The prototype demodulator/decoder is a UNIX/Linux filter that accepts 16-bit samples from a generic sound card and emits decoded, corrected data to standard output, with optional informational messages to standard error. The software is primarily in GNU C and can port to any environment supported by that compiler; it is intended to be integrated into popular telemetry reception programs such as AO40RCV.

Optional assembler code is provided that uses the various Intel/AMD IA32 SIMD instruction sets, if available, to reduce CPU utilization in filtering and Viterbi decoding. All three generations of IA32 SIMD instructions are supported: MMX, SSE and SSE2. Demodulating and decoding in real time uses less than 1% of a 500 MHz Pentium III CPU with SSE.

The demodulator currently uses a purely noncoherent DBPSK technique well suited for fading channels with Doppler shift and other carrier phase disturbances. A future enhancement is to add a coherent demodulator that is expected to reduce Eb/No requirements by another 4 dB or so (i.e., to about 3dB) on non fading channels, and to automatically select whichever technique works best for the current conditions.

The AO-40 telemetry hardware follows its heritage to the original Phase 3 project begun in the mid 1970s and first flown on the ill-fated Phase 3A in May 1980. Software running in the IHU formats a telemetry frame in IHU memory, and hardware then takes over: the data is converted to a bit serial format, differentially encoded, Manchester encoded, low-pass filtered to limit bandwidth, and used to phase-shift-key an IF carrier with a balanced modulator. This modulated signal is then injected into the transponder where it is up-converted to RF, amplified and transmitted along with repeated uplink signals in the spacecraft downlink. Any new AO-40 telemetry format must therefore use the existing differential encoder, Manchester encoder, filter and 400 bps BPSK modulator without change.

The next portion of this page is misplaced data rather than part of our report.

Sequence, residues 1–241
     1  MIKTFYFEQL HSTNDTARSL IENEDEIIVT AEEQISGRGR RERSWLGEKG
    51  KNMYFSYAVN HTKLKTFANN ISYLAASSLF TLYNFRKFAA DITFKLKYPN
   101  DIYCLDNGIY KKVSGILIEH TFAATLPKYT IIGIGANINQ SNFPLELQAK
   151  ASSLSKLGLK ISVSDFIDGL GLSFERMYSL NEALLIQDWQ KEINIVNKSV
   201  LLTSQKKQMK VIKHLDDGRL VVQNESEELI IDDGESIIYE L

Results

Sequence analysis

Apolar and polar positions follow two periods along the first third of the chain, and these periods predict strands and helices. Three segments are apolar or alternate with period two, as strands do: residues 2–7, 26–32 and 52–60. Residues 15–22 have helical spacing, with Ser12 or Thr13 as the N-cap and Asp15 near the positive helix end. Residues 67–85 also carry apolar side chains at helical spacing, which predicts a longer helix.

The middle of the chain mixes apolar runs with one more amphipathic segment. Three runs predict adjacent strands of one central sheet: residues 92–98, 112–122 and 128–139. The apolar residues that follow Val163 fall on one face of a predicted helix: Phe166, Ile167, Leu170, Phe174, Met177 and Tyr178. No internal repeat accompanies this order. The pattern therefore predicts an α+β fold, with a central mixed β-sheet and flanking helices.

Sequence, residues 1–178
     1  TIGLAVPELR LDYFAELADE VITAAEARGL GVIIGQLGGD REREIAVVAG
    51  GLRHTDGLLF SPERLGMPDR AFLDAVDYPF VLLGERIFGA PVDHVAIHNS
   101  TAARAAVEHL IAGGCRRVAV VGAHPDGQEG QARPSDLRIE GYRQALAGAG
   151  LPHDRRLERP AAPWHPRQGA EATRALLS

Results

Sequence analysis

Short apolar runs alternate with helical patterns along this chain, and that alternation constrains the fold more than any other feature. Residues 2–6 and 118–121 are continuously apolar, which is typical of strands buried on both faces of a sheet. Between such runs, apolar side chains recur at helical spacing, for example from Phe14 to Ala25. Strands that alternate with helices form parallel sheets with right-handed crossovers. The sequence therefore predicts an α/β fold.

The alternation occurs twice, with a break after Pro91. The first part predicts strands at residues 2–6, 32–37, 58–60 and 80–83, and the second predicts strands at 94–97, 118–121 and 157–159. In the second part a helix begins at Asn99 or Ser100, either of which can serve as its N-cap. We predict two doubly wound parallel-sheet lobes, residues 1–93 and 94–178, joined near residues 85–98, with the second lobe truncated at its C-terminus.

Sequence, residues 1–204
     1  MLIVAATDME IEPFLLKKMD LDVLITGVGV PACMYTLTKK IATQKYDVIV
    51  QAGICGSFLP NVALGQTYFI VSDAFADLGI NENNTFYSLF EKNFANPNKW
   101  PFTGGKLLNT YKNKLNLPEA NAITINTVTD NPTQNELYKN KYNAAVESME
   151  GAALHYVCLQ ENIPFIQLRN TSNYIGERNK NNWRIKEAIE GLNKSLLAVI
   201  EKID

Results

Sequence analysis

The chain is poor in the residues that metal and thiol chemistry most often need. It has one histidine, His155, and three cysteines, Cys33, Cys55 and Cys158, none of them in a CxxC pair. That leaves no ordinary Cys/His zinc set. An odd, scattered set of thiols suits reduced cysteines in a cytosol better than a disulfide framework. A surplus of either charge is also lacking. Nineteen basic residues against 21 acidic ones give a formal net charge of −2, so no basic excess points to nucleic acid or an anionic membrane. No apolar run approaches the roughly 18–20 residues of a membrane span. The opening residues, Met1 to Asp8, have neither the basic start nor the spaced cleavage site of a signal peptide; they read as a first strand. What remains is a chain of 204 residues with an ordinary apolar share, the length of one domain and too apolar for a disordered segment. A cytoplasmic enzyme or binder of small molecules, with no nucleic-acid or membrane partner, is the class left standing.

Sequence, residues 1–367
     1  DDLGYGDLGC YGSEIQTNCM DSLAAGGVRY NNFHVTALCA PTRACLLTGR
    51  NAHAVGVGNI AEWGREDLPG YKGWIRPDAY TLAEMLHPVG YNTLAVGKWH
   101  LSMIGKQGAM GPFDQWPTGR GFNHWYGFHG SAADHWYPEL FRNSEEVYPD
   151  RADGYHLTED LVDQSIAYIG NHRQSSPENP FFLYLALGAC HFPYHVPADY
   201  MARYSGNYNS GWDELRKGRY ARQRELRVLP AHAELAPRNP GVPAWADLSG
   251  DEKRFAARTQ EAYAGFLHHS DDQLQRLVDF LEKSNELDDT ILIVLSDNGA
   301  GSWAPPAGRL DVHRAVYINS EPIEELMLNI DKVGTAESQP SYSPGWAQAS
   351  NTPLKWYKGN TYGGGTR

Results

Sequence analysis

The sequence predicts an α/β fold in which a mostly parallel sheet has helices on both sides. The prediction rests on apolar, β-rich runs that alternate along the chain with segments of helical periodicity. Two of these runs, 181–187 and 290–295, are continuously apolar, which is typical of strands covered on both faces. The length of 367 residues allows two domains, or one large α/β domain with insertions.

However, many elements of the existing telemetry format are implemented in software and can be changed or removed. These include the sync vector, the CRC and the exact length of a frame.